The Department of Justice signaled it is OK with a D.C. district court accepting a brief from smaller cable operators offering a compromise resolution to the AT&T-Time Warner merger.
That wasn't a huge surprise given that DOJ, which sued in that court to block the deal, also said its antitrust division generally doesn't oppose amicus briefs in district courts.
DOJ also said it was not weighing in on whether the ACA/RCN proposal would be "helpful to the court at this time," beyond saying it disagreed that behavioral conditions, as ACA/RCN proposed, "were appropriate in this case."
But it at least gave the submission credit for being on point.
"Unlike the two prior motions for leave to file amicus briefs, which the Court denied, the proposed RCN/ACA filing does appear to be relevant to the issues to this case, as the Court requested input with respect to alternative remedies, DOJ told the court.
Earlier this week, smaller cable operators pitched the court on a hybrid structural/behavioral remedy that could make the AT&T-Time Warner merger palatable to them.
The brief, from the American Cable Association, RCN Telecom, Grande Communications Networks, and WaveDivision Holdings, was filed Monday (May 14).
That court is currently deciding whether to block or condition the proposed merger after the Justice Department filed suit to block the deal unless AT&T spins off Turner programming assets.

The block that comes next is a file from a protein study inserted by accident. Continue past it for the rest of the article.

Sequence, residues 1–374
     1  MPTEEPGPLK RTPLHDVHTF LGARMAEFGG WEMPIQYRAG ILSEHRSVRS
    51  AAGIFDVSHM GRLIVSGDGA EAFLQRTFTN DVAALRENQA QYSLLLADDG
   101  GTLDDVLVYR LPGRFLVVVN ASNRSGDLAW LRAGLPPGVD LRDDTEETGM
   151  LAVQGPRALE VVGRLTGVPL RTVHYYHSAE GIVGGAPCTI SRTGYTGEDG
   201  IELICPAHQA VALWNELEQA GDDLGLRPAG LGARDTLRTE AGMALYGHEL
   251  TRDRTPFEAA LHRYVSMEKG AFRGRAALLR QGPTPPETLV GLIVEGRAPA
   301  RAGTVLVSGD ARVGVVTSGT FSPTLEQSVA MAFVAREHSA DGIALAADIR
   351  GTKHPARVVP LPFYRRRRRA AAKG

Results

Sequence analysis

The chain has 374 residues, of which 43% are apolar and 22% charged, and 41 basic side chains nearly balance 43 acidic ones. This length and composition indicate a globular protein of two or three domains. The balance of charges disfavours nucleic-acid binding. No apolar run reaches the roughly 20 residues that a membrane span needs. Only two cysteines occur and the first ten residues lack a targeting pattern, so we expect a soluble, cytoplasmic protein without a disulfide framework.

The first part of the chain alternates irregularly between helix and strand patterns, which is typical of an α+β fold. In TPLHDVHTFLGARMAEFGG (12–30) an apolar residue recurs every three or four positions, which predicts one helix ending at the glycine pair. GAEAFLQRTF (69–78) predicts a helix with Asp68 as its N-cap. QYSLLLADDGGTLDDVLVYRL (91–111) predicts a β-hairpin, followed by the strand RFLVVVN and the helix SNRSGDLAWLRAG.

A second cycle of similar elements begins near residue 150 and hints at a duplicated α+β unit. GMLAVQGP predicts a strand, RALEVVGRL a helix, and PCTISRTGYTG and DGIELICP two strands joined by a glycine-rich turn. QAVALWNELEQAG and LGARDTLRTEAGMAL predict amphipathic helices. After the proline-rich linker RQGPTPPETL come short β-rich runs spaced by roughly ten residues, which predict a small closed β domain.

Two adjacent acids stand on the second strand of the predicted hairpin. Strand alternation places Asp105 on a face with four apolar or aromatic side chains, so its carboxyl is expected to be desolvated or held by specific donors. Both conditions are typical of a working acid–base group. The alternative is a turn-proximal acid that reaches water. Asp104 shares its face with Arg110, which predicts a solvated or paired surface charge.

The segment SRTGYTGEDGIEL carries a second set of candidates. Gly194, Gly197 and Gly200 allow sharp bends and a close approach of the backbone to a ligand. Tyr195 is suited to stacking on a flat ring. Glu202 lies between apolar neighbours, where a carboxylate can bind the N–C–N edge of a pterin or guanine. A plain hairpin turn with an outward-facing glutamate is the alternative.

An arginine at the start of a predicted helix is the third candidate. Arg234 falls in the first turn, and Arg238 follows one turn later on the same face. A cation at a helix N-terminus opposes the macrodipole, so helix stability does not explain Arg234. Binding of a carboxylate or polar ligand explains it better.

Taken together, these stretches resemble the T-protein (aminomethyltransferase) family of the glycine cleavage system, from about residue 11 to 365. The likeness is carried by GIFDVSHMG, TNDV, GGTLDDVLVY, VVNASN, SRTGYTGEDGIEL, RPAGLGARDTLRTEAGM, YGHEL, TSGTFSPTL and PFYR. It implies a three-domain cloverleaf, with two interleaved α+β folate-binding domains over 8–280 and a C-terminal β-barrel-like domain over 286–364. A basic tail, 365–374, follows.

The Justice Department had asserted that without spinoffs of Turner networks, the merger would mean substantially less competition and thus higher prices for consumers.
The companies argued that to make their case, the government had to prove that the merger "will likely (not potentially or possibly) lessen competition substantially, in a video marketplace that is experiencing revolutionary, unstoppable transformation and growth in competition at all levels."
The operators are not taking either side in their amicus brief, though they say they are assuming, as does Justice, that the deal as structured violates antitrust laws by "enabling the merged entity to raise prices for its programming to ACA members in excess of those that would occur in a competitive market."
They argue that the case divides along all-or-nothing positions while their's is a "middle ground," and that the court has more flexibility than DOJ or AT&T-Time Warner suggest to strike such a compromise.
Justice says that if the court concludes the deal violates antitrust laws, it can only consider DOJ's structural remedies to fix it, while Turner has offered up behavioral conditions of outside arbitration and standstill agreements for any program access complaints.
ACA and company say both are wrong, that the Turner remedy is underwhelming, and that the court can fashion a remedy that employs a behavioral remedy in addition to or in lieu of structural conditions.
That remedy would be to apply the arbitration and standstill agreements to all programming of the post-merged company, including Time Warner's HBO, tweak the arbitration process, ensure the use of bargaining agents and fee-shifting, prevent retaliation against rivals' subs, and permit the remedy itself to be tweaked or extended.
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